UN top envoy briefs UNCS on Cyprus settlement talks

UN top envoy briefs UNCS on Cyprus settlement talks

There is a historic opportunity to achieve a settlement to the Cyprus problem, UN Security Council members said on Friday after a briefing by the UN General Secretary Special Adviser on the Cyprus problem Espen Barth Eide in New York on the reports on UN SG Good Offices Mission and UNFICYP.

After the two-hour long consultations and a briefing both from Mr Eide and UN Special Representative in Cyprus Lisa Buttenheim, UN SC members express readiness to support the UN-sponsored negotiating process.

Speaking to the press, Eide described the discussions as very good.

“We were emphasizing the progress made in Cyprus and the vision and courage of the two leaders in this process but we were also making the point to the Council that while much has been achieved there is also a long way to go. And we really want the United Nations at its highest level to be aware that a lot of hard works still remains, that the two leaders need encouragement and support and we talked about concrete ways where the international community can be supportive while we also strongly underlined the importance of letting this remain a leader-led process,” he said.

The Norwegian diplomat said he discussed with UN SC members certain ways with which the international community could be supportive, adding that it was strongly underlined that the process should be left under the guidance of the two leaders.
“The process belongs to the Cypriots and is under the ownership of the elected leaders and they should determine the negotiating structure,” he said, adding in this way we could arrive at a Cypriot solution.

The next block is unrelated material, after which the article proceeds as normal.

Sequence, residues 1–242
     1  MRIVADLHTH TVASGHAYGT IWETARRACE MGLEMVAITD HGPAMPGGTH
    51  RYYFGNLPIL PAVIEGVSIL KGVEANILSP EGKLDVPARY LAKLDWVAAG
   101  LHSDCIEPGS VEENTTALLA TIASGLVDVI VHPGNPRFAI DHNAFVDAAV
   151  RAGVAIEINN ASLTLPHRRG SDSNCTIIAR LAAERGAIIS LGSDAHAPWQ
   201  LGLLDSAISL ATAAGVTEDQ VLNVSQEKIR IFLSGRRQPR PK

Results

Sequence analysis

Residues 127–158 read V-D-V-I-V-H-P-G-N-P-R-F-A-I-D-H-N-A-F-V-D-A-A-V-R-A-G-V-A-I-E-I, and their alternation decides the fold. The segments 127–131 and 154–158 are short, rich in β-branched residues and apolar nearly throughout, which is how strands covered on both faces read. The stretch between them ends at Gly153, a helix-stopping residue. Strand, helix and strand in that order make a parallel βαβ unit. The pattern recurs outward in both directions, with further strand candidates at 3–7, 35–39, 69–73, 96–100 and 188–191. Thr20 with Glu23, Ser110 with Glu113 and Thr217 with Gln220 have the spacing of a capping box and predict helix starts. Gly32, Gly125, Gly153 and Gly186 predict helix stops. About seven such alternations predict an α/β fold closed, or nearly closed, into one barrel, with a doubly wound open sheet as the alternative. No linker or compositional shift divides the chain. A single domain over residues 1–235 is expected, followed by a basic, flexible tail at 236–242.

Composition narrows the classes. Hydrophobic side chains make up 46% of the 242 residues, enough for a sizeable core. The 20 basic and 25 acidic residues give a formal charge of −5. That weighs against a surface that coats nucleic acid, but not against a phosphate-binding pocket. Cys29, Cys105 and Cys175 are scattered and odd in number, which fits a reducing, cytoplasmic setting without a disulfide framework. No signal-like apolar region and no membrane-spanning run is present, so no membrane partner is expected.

Eide stressed that in certain negotiating rounds the progress was pretty significant compared to previous rounds but “the last part is always the most difficult one.”

“You may have achieved 90% but the 10% that is remaining is not the easy one, is the difficult one,” he added, noting “so I think is important for all of us to recognize that the weeks and months ahead will be about dealing with some of these essential core questions that remain unresolved. Unresolved not because it hasn’t been an attempt to tackle them but because they are difficult or their starting positions of both communities are quite different on these questions.”

Eide said he emphasized the importance of regional support and that all relevant international stake holders, including the guarantors (Greece, Turkey and the UK) play their role and he said he is very happy for the support expressed in UN SC on the courageous work by the two leaders.

“Fifteen out of the fifteen members of the Security Council, all the permanent five members all the ten elected members, all of them took the floor and every single one praised the work that is going on and the general sense was that this is a historic opportunity that has to be grasped, it has to be grasped in such a way that it can be genuinely owned by the leaders who are in charge of the talks, Eide said.

Replying to questions, Eide said there is interest on behalf of the UN SC on its role in case of a settlement.

“If we have a settlement there will be a role for the UN,” he said, adding that “the leaders said very clearly that they expect the UN to have a role. The UNSC will be called “on to define the parametres of a future UN mission.”

“I don’t want to create the impression that it is just around the corner,” he said.

He noted that is “because some of the essential issues for both communities have still to be finally tackled. Some of them are domestic or pertaining to Cyprus, elements of a territorial readjustment for instance, and then of course there are the issues of security and guarantees where on top of the exchange that we have on these issues with the leaders we are of course also, as we shall be and it’s to our mandate, in charge with the three guarantors states and all the interested countries and the Security Council on this security arrangement,” he said.

Replying to a question on the meetings in Davos, Eide said so far the two leaders will meet with the Secretary – General and him to take stock and to organise the next steps.

Eide denied that there will be “some kind of secret back channels going on”, noting that “there are no such plans but a lot of people would be in the same place and that’s the nature of the undertaking.”

On her part, Buttenheim said she received the UNSC`s unanimous support on the work of UNFICYP.

She added that she briefed the UNSC on de-mining and the confidence building measures which assist the good climate in the settlement talks.